Where one falls on the particulars of this debate is a matter of how one conceptualizes, among other things, the abstract origins of money itself. Yet the most significant speech given at last weekend’s Third Modern Monetary Theory conference at Stony Brook University was made not by an economist or financial wonk, but by a pastor. (The New Republic was one of the conference’s sponsors.) During a panel on “Money, Race, and Civil Rights,” Delman Coates, senior pastor at Maryland’s Mt. Ennon Baptist Church and a former candidate for Maryland lieutenant governor, described his journey to heterodox economics to the MMT enthusiasts in attendance as a spiritual one informed by the history and sociopolitical commitments of the black church.

“The black church for me represents that subset of African American sacred spirituality that has been on the side of the fight for freedom, justice, and equality,” he said. “The second influence really has a lot to do with my understanding of the economic justice roots of the civil rights movement. To a large extent people focus on themes and issues around racial reconciliation as a key constituent element of the civil rights movement. But what is very formative to me is my understanding of the economic justice roots of the civil rights movement.”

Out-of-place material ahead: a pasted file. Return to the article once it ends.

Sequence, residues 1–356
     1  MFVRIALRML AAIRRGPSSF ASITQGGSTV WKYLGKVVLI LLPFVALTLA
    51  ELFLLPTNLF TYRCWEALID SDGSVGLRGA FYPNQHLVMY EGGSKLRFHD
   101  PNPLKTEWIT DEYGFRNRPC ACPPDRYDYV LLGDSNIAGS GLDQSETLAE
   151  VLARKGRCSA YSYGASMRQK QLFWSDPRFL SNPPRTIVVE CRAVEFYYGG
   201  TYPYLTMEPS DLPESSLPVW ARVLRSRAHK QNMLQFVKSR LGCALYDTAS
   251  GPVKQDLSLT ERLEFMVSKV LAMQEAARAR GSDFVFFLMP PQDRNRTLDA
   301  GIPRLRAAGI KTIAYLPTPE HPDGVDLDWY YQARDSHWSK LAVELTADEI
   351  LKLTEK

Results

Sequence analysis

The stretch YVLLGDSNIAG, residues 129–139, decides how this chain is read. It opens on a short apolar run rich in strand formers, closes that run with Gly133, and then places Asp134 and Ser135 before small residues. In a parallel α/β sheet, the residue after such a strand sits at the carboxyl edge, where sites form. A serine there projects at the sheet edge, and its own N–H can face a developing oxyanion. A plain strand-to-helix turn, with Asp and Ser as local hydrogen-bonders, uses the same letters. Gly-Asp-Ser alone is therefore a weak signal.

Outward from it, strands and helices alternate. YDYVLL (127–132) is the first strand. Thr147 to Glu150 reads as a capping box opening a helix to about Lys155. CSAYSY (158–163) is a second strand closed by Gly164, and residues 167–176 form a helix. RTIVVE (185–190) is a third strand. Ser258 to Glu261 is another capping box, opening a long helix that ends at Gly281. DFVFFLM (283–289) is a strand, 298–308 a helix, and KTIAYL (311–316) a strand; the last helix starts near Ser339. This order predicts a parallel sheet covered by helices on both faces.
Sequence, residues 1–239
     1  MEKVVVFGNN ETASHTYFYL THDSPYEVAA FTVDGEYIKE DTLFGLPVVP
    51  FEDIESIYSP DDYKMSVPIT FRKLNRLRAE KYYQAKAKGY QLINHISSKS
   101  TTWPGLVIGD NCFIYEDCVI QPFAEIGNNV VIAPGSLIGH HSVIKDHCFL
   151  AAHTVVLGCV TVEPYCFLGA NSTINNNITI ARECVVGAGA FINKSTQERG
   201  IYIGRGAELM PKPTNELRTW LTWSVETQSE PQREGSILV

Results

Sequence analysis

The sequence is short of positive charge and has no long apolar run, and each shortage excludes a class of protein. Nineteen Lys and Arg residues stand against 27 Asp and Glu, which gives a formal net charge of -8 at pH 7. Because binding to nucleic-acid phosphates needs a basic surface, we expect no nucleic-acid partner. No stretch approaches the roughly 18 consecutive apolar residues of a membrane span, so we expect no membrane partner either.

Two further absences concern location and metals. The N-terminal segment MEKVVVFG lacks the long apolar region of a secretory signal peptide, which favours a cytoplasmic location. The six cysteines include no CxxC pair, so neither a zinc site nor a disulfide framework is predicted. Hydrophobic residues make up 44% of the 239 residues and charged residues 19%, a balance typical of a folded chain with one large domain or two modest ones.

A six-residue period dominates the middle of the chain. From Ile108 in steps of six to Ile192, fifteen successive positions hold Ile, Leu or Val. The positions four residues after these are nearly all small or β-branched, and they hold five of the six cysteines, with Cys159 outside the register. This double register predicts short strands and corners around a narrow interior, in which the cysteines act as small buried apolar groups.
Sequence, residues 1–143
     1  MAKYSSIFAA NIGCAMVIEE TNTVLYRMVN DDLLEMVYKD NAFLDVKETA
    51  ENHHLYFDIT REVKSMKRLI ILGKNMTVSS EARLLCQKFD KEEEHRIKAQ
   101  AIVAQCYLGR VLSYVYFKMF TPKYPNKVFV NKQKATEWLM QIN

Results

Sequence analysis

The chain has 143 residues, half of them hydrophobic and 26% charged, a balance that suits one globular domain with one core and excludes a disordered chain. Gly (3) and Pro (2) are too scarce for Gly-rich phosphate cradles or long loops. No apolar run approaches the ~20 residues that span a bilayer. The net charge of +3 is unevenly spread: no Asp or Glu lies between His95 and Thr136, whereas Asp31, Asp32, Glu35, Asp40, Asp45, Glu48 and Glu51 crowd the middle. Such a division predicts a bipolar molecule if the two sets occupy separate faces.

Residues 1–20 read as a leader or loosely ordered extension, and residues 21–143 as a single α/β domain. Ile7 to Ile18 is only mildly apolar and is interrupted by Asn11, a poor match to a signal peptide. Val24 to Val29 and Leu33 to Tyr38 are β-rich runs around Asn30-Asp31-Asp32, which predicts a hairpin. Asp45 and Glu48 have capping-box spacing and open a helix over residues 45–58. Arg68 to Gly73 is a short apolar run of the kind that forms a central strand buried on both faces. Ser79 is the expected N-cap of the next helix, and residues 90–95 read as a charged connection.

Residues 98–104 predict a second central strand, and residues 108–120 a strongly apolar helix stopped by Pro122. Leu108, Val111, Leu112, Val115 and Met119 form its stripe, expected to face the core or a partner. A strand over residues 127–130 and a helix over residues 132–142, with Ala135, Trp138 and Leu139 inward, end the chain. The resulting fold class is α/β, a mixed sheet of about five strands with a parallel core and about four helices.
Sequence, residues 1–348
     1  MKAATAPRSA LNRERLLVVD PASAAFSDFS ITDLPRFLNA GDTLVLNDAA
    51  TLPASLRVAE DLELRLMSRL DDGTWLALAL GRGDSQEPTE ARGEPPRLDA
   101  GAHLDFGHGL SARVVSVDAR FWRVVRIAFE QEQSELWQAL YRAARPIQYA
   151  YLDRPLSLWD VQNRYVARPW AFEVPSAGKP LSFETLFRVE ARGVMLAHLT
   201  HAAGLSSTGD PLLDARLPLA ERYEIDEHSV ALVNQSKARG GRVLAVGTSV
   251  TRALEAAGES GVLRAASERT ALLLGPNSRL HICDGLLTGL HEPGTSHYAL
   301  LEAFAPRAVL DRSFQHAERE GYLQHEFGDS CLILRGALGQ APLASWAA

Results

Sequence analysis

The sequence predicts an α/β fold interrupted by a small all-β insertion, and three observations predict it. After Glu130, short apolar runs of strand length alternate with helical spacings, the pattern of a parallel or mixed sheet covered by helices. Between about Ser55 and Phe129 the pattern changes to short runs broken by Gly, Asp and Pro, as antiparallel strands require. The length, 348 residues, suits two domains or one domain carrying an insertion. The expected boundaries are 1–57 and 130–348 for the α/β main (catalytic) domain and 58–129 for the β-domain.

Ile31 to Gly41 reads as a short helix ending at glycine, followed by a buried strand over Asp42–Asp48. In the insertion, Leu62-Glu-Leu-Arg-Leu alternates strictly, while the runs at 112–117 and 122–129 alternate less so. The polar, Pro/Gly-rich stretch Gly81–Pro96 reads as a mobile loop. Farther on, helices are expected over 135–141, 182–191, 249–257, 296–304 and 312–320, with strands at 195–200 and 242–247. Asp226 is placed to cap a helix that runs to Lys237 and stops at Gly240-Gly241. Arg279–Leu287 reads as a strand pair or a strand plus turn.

Specifically, Coates credited Martin Luther King’s Poor People’s Campaign, which included demands for full employment and a basic income, as one of the influences that motivated his interest in Modern Monetary Theory, as did the experience of offering assistance to parishioners in the wake of the financial crisis. “I knew as a leader that I had to play a role in helping to build a movement that addresses our unnecessary and imprudent reliance on commercial bank money,” he said, “because it enabled commercial banks to receive profits off of credit money that they created out of nothing—causing wealth extraction, destabilizing our economy and hurting the communities that I serve.”